Blankfein: Goldman didn't bet against investors

By Blake Ellis, staff reporter


NEW YORK (CNNMoney.com) -- Goldman Sachs CEO Lloyd Blankfein will testify Tuesday that his firm didn't mislead investors and didn't bet against the housing market, according to his opening remarks released Monday.

"We didn't have a massive short against the housing market and we certainly did not bet against our clients," Blankfein said in remarks prepared for Tuesday's testimony, which he will give before the Permanent Senate Subcommittee on Investigations.

Goldman Sachs (GS, Fortune 500) is accused by the Securities and Exchange Commission of failing to tell investors that hedge fund Paulson & Co. helped select securities for a portfolio that it was also betting against.

"It was one of the worst days in my professional life," Blankfein said in the testimony about the SEC's charges, made April 16. "If our clients believe that we don't deserve their trust, we cannot survive."

While denying the allegations, Blankfein acknowledged a lack of transparency in derivative markets and the failure of financial institutions to properly warn the public about over-lending and cheap credit at the brink of the economic crisis.

"What we and other banks, rating agencies and regulators failed to do was sound the alarm that there was too much lending and too much leverage in the system -- that credit had become too cheap," he said.

In a push for greater transparency, Blankfein said in his testimony that Goldman supports financial regulatory reform as well as stricter controls for derivatives.

Blankfein also said Goldman Sachs did suffer during the financial crisis, losing $1.2 billion from activities in the residential housing market.

Six other current and former Goldman executives will join Blankfein to testify before the Senate Subcommittee on Tuesday as part of the panel's ongoing investigation into the causes of the recent financial crisis. To top of page

Frontline troops push for solar energy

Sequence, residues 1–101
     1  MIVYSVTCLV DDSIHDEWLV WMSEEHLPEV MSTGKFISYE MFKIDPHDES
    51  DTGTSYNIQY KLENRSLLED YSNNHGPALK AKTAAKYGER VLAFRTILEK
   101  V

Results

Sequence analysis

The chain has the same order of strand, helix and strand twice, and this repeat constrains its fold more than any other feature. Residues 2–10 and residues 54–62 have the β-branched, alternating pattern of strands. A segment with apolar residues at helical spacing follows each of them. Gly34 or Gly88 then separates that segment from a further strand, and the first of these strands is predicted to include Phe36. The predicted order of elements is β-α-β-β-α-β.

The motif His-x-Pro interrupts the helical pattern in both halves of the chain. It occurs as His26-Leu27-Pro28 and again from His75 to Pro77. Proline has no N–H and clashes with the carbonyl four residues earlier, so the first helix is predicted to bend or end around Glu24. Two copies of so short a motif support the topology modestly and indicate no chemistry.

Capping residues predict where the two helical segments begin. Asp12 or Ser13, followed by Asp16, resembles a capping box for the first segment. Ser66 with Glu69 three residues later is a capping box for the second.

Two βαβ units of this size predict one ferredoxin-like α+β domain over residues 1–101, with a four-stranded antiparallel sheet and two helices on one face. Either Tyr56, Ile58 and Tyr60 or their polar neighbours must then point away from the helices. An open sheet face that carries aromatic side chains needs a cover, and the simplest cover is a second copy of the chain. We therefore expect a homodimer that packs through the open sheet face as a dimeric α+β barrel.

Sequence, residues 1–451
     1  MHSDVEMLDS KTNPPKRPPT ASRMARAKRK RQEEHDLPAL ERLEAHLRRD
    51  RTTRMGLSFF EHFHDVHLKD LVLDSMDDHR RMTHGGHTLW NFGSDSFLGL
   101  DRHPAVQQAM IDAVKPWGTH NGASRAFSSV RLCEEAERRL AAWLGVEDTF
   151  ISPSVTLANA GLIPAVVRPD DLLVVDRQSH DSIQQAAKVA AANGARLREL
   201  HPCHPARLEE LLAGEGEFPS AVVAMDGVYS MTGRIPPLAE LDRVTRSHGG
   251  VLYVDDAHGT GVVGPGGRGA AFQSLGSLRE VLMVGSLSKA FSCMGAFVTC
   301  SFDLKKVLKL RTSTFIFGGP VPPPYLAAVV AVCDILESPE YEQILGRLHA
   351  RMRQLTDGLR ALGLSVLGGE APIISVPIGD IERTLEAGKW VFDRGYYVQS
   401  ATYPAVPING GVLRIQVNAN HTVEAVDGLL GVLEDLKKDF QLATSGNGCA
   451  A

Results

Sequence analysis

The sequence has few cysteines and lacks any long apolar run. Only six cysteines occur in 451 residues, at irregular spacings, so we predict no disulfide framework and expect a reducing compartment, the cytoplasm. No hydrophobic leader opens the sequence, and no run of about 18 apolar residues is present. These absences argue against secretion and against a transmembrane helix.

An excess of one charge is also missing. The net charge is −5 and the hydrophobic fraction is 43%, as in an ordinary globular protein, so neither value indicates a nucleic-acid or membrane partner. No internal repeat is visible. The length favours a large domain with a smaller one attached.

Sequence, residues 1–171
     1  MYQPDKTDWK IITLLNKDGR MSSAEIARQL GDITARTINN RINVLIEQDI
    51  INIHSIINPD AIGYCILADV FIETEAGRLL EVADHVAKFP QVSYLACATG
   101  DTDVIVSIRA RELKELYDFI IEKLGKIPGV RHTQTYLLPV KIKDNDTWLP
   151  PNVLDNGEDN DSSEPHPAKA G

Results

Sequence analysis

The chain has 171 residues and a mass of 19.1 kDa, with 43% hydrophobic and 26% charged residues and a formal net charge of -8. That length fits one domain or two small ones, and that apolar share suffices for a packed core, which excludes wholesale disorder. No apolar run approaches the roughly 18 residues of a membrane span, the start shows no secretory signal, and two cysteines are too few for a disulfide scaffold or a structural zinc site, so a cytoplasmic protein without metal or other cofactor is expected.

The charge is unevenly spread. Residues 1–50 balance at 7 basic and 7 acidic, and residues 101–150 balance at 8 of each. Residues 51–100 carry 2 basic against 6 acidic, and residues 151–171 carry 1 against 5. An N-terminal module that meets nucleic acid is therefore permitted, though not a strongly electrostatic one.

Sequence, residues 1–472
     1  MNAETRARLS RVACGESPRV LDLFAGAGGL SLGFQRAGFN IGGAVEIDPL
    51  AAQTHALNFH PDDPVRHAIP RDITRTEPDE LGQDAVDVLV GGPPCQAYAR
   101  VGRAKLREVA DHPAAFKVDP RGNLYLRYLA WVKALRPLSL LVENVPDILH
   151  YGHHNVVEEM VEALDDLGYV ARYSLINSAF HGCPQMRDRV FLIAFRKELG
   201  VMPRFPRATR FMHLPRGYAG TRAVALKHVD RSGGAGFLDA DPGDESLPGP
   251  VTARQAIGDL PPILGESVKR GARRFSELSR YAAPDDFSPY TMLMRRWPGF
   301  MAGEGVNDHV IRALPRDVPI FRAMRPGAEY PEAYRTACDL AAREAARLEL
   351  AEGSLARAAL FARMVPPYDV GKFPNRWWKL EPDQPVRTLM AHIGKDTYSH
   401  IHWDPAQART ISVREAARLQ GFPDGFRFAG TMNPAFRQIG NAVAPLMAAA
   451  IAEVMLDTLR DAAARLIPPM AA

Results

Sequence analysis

The U.S. Marines are testing renewable energy technologies like solar to reduce costs and casualties associated with fossil fuels. Play
25 Best Places to find rich singles
Looking for Mr. or Ms. Moneybags? Hunt down the perfect mate in these wealthy cities, which are brimming with unattached professionals. More
Fun festivals: Twins to mustard to pirates!
You'll see double in Twinsburg, Ohio, and Ketchup lovers should beware in Middleton, WI. Here's some of the best and strangest town festivals. Play

Search for Jobs

Index Last Change % Change
Dow 18,203.37 -85.26 -0.47%
Nasdaq 4,979.90 -28.20 -0.56%
S&P 500 2,107.78 -9.61 -0.45%
Treasuries 2.12 0.04 1.82%
Data as of 7:57pm ET
Company Price Change % Change
Bank of America Corp... 16.04 0.03 0.19%
Apple Inc 129.36 0.27 0.21%
Ford Motor Co 16.17 -0.40 -2.41%
Cisco Systems Inc 29.54 -0.65 -2.15%
Microsoft Corp 43.28 -0.60 -1.37%
Data as of 4:02pm ET
Sponsors

Sections

The historically black school will cover 50% of the cost of a a student's final semester if they graduate early or on time, starting next year. More

If the Supreme Court rules that enrollees on the federal Obamacare exchange can't get subsidies, it could destroy the individual insurance market. The court will hold hearing on King v. Burwell on Wednesday. More

ISIS and jihadi videos on YouTube were running ads for things like Secret, Aveeno and Bud Light. The companies -- and YouTube -- said this was a mistake. More

Find yourself suddenly holding one big lump sum of cash? Here's what you need to know to make sure your money is invested the way it should be. More